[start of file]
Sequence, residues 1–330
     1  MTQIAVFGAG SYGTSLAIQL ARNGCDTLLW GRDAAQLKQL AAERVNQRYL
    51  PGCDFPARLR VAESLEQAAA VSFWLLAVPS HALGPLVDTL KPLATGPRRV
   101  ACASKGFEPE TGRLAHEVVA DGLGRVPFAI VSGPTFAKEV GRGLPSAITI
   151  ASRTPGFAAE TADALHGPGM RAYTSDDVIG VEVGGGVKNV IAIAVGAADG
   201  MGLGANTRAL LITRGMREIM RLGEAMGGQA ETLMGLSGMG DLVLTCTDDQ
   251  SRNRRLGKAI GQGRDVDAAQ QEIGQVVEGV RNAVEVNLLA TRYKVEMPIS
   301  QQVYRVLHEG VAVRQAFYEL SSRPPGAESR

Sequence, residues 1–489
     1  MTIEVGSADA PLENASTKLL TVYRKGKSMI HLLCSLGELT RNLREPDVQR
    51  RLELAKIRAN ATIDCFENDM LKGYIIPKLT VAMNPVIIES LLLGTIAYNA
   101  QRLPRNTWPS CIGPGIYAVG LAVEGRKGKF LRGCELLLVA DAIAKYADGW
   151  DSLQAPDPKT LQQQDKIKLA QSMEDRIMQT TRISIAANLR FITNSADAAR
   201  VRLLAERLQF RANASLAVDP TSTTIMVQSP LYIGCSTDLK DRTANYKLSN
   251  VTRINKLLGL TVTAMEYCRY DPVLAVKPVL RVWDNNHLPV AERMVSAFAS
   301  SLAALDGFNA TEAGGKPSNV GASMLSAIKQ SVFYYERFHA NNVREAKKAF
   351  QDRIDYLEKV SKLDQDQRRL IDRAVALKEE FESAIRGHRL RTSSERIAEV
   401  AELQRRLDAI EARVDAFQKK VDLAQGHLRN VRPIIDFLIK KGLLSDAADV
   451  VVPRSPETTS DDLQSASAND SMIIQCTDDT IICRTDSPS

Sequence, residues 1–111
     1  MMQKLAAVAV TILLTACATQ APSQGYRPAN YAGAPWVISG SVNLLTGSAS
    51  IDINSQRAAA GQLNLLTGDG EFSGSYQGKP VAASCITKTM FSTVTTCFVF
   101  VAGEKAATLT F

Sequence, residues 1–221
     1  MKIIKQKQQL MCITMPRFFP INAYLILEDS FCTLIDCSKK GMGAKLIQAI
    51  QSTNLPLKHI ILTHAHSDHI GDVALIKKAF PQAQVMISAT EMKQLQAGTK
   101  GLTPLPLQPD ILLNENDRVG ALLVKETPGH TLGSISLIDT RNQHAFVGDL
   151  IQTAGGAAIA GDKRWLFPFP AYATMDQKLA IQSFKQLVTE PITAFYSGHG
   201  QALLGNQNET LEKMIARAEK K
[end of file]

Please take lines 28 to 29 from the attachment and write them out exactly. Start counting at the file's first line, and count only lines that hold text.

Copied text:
   151  IQTAGGAAIA GDKRWLFPFP AYATMDQKLA IQSFKQLVTE PITAFYSGHG
   201  QALLGNQNET LEKMIARAEK K